Thumbnail History - Soi 33 (Soi Dead Artists)
Updated April 2002
- Richard D. Hartman
In 1987 the Renoir opened in Soi 33 ; it would be the first of several bars named after Impressionist painters.      But the second to move into Soi 33 , in 1988, was the ever-popular Pan Pan Italian Restaurant .      Although it is a family restaurant and not a Night Entertainment Venue per-se, it deserves special mention here as it has contributed perhaps more than any other venue to the popularization of Soi 33 with the expatriate community.
Following closely on the heels of the Pan Pan Italian Restaurant in that same year was a second Impressionist painter lounge, the Vincent Van Gogh .      It and the Renoir were “testing the waters”; would, up-market lounges work here on Soi 33 as they had in the Patpongs ?      The obvious and overwhelming success of lounges like the Napoleon on Patpong 1 and the Crown Royal on Patpong 2 made it seem to be well worth a try.
By 1991, there were a handful of lounges, including the Monet , EA Manet Club and the Degas , which continued the Impressionist theme and the slightly more expensive, up-market lounge format.      Growth of the Entertainment Area was almost imperceptibly slow in these ‘early’ years, but it was undeniably sure.      By 1992, there were enough lounges in operation on Soi 33 to establish critical mass; the baby would survive and continue to grow.     The Ea Manet Club was the only Impressionist bar to have faded from the scene (by mid-1990’s).
It was at this juncture that the Soi 33 Night Entertainment Area became known variously as; the “Artist’s Soi” , the “Painter’s Soi” and the slightly irreverent “Soi Dead Artists” by its regulars.     There is no quorum; these nicknames and variations thereof are all in use today.
But the original question of the viability of up-market lounges in a previously ‘out-of-the-way’ location had been answered: proof of concept was at hand.      The handshake and the appellation of ‘seminal bars’ can be divided equally between the pioneers Renoir and the Vincent Van Gogh ; they set the tone, they took the gamble, they survived and prospered.      These two lounges along with the Monet, Degas and others are not only still in business today, they often find themselves packed out on weeknights as well as the weekends.
Although many of the newer lounges on Soi 33 are not named after ‘Dead Artists’, some did carry on, at least in spirit, with the tradition.      In addition to the four ‘Impressionist’ lounges mentioned above, there are the relatively recent ‘painter’ additions Goya , Dali and the Santana .
But this is not the end of the story.      At the beginning of 1999 there were 16 establishments on Soi 33 that could call themselves Night Entertainment Venues.      At the turn of the Millennium there were 20.      Today, (April 2002) there are 32, which is two more than currently found on Patpong 1 , even if you include in the count Patpong 1 ’s marginal upstairs ‘pay-for-show’ places.      Nevertheless, any way you slice it, this relatively recent growth is more than “imperceptibly slow”; this is a quiet explosion.     To be sure, due to the size of the Entertainment Area, this relatively large number of bars is not immediately apparent to the first-time visitor.      Among the expatriate Entertainment Areas, Soi 33 is the biggest, area-wise.      While the entire Soi 33 is longer, the Entertainment Area itself is about 350 meters long and has four short lanes, or sub-sois, each having at least one Entertainment Venue.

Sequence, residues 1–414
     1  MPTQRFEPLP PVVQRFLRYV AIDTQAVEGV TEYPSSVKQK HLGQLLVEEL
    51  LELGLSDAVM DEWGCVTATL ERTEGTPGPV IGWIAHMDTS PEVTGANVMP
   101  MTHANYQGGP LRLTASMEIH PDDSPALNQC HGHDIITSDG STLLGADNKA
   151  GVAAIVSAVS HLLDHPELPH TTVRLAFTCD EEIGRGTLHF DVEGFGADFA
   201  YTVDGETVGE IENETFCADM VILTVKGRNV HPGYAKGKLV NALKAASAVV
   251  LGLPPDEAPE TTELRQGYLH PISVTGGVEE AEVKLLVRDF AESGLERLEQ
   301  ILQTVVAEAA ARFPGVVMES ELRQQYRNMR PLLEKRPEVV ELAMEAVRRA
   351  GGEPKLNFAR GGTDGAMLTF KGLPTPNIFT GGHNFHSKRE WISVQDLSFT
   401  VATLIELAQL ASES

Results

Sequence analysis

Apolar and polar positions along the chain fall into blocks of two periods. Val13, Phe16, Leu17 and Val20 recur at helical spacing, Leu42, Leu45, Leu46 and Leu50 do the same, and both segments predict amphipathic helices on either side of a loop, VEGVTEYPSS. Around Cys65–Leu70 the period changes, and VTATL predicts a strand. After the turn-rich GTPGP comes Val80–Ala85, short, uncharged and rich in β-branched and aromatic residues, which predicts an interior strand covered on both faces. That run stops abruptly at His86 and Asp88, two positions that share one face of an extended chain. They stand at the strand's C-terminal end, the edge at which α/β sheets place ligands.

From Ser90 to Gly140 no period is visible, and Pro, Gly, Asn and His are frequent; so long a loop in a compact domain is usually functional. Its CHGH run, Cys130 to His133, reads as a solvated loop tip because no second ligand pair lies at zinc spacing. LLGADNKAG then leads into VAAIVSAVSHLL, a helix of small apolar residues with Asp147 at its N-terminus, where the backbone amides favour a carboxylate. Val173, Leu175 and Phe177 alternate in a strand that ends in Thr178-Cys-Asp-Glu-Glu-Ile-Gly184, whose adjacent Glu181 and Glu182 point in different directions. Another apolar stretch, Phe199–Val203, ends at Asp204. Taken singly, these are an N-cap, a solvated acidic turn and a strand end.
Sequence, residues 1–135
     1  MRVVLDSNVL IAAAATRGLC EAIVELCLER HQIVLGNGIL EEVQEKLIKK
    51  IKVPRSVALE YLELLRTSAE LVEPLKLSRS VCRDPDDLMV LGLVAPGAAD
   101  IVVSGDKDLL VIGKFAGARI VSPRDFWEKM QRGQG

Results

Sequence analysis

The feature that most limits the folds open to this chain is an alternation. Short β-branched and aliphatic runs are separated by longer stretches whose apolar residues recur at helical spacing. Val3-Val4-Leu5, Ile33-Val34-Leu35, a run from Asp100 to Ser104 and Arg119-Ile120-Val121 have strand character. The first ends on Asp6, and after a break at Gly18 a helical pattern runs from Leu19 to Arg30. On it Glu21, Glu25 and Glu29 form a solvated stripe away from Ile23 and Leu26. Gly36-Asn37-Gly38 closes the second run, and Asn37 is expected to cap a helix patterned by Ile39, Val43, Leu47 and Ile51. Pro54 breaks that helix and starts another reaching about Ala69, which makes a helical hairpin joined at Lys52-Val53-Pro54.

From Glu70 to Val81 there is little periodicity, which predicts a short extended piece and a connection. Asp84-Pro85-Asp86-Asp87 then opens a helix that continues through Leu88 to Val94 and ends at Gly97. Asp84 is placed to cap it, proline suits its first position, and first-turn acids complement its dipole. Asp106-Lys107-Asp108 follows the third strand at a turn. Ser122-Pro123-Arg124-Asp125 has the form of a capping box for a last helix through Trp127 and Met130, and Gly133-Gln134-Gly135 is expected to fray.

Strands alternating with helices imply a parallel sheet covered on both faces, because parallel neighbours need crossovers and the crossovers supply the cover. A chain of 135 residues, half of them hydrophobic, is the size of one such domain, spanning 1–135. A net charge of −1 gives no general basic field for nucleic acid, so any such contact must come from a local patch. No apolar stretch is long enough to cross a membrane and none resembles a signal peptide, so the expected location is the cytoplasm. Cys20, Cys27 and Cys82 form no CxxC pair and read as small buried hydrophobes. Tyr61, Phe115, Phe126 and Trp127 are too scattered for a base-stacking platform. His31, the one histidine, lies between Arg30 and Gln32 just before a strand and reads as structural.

No discussion of the Soi 33 Entertainment Area would be complete without the inclusion of the Japanese contingent.      The first Japanese bar in the area was the Entertainment Club Fuchicho .      This name might ring a bell with a few of the longtime residents and return visitors to Bangkok.      It is the eventual reincarnation of the Club New Fuchicho , which was one of the pioneers of Nana Plaza ’s second floor.      This newly established Entertainment Club Fuchicho settled in the then-recently constructed Peep Inn complex deep in Soi 33 , and was to set the trend for Japanese bars for several years; virtually all the earlier bars were located therein.     Later on, the Japanese bars would spread out along Soi 33 , to include the Kosu Mosu at the extreme North end of the Entertainment Area.      Their growth has kept pace with Soi 33 growth in general; in December of 2000, when the 33 Complex opened on Soi 33 across from the original Renoir , several of the new leases went to Japanese owned/operated establishments.      This compound is now home to several new lounges and includes Setsu Getsu KKA , Suika, and Sanjusan Bangkan Karaoke .      Of the 32 Night Entertainment Venues on Soi 33 , nine are Japanese.
In that Soi 33 is exclusively low-key Lounge format and not A-Go-Go, it will likely weather the current Purachaiian storm of moral indignation better than many of the other expat Night Entertainment Areas.      If the last two years’ rate of new openings continues unabated, it won’t be long before Soi 33 is Bangkok's largest Night Entertainment Area in every sense.
© 2001, Bangkok Eyes / bangkokeyes.com
* With grateful acknowledgement to Zootramp Publications for exclusive use of their historical database.